An estimated 50 million children in the Arab world woke up this Monday to an early Christmas gift–a new Christian television station with 24-hour program designed just for them.
SAT-7 KIDS is the third channel offered by SAT-7, a Christian satellite network made by and for people living in the Middle East, and the first and only channel dedicated to locally made Christian programming targeted to Arabic children.
The station covers the entire Arab world, 22 countries and five time zones. More than 100 million children under age 15 live in that area, and half have access to satellite TV.
“I had tears in my eyes when the KIDS channel came on the air,” said Rita El Mounayer, director of Arabic programming for SAT-7. “I cried because of God’s blessings. I was so happy to see the SAT-7 KIDS channel finally on the air. It’s amazing to see it, and amazing that God uses imperfect vessels like us to bring about things like this.”
Since its first broadcast May 31, 1996, SAT-7 has considered children a vital part of audience. But until now SAT-7 aired both children’s and adult programming, meaning that young people might tune out or switch channels. For the first time children in countries from North Africa to the Persian Gulf will be able to watch SAT-7 children’s programs at times that are convenient for them.
In many homes children are forced to watch television to keep them home and safe from violence in war-torn countries. Televisions are often considered a necessity and purchased before a refrigerator or bed, because they offer not only entertainment but a bridge to the outside world.
Andrea El-Mounayer, manager of children’s program for SAT-7, grew up during the Lebanese civil war. She and her sister would sit around their TV while war raged outside. ”
The new station will not only counter violence by providing a safe place for kids, but also offers an alternative to other media messages that denigrate Christianity or glorify martyrdom for kids. Children’s channels are a growing trend in the Arab world. At least six networks, including Al Jazeera, have channels targeting kids.
“You see people in the Arab world using media to shape the hearts and minds of children from an early age,” said Rita El Mounayer. “You see a lot of programs interrupted for the call of prayers, Koranic verses, or also for messages of hate and violence–especially on certain television stations in the Middle East, [though] not all of them.”
SAT-7 KIDS will carry a different message.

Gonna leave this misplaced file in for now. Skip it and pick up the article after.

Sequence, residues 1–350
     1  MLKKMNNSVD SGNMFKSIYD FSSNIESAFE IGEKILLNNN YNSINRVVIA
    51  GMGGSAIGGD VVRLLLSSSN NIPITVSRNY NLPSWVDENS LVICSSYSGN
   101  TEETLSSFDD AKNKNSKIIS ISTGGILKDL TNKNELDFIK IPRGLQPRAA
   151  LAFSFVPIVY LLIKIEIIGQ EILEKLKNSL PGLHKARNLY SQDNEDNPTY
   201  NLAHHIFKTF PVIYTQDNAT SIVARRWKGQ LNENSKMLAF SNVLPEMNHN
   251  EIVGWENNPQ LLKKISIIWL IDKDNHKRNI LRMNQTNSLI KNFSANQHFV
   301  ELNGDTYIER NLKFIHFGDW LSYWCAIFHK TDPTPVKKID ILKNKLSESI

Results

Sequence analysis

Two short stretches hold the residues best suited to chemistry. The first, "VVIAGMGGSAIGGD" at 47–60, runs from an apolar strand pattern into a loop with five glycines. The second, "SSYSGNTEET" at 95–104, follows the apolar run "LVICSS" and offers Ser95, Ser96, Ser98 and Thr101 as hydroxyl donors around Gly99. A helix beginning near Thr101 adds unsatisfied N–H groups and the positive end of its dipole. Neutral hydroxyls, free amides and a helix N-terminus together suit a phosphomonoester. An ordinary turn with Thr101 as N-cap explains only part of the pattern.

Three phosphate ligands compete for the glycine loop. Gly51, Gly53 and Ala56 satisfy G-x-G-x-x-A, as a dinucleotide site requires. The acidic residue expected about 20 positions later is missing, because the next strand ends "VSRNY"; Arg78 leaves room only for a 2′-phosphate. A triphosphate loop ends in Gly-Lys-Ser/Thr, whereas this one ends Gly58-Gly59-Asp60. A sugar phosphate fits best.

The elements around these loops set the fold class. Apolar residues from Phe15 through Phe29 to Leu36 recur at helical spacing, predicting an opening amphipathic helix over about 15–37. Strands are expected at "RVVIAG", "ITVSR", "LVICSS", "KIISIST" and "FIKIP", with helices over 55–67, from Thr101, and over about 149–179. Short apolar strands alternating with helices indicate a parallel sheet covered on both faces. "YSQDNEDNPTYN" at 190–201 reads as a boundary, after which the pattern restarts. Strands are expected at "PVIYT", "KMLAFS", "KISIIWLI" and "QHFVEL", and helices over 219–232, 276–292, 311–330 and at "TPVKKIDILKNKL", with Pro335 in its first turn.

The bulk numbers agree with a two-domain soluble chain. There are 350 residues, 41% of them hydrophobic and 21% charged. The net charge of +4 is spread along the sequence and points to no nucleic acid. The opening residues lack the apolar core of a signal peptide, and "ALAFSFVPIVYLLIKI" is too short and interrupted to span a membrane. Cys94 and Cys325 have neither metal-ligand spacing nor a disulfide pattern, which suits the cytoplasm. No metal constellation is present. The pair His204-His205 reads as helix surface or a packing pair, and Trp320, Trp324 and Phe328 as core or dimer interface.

“On SAT-7 KIDS, viewers will see wonderful programming for children which will include messages about love, forgiveness and turning the other cheek,” said SAT-7 CEO Terence Ascott. “We will be broadcasting cartoons, dramas, Bible stores, game shows and many kinds of programs that will attract children and help them learn about God’s love for them and how they can walk with the Lord.”
The channel will also feature science discovery, dance lessons, children’s talents and programs from several countries in the region. During December SAT-7 KIDS will broadcast numerous Christmas-themed cartoons as well as “The Jesus Film for Children.”
Ascott said he expects entire families to be affected as parents sit down with children drawn to positive broadcast messages.
“I truly believe that if you want to change the face of Arab society, you have to start with a child,” said Rita El Mounayer. “And one day I believe that a child who has grown up with SAT-7 KIDS, and had their life influenced by the channel, will become the leader of a nation.”
The new station has been in the works for a year and a half. Last year, celebrating its 10th anniversary, SAT-7 launched a second channel, alongside its original Arabic station, in the Farsi language used by 40 million people mostly in Iran and Afghanistan, which broadcasts 20 hours a day. SAT-7 also broadcasts programs in Turkish.
“We are extremely grateful to our faithful supporters who share our vision of a growing Church in the Middle East and North Africa,” said Debbie Brink, senior vice president of development for SAT-7 U.S.A. “Isolated Christians are being encouraged. Thousands are hearing the truth of the Gospel for the first time. Much is being accomplished! Thank you for all your prayers and support.”
“This is a dream we have been working on for many years,” said Andrea El-Mounayer.
Bob Allen is managing editor of EthicsDaily.com.
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Bob Allen was the managing editor at EthicsDaily.com from 2003-2009, writing more than 1,500 news stories during his tenure. He is currently the news editor at Baptist News Global.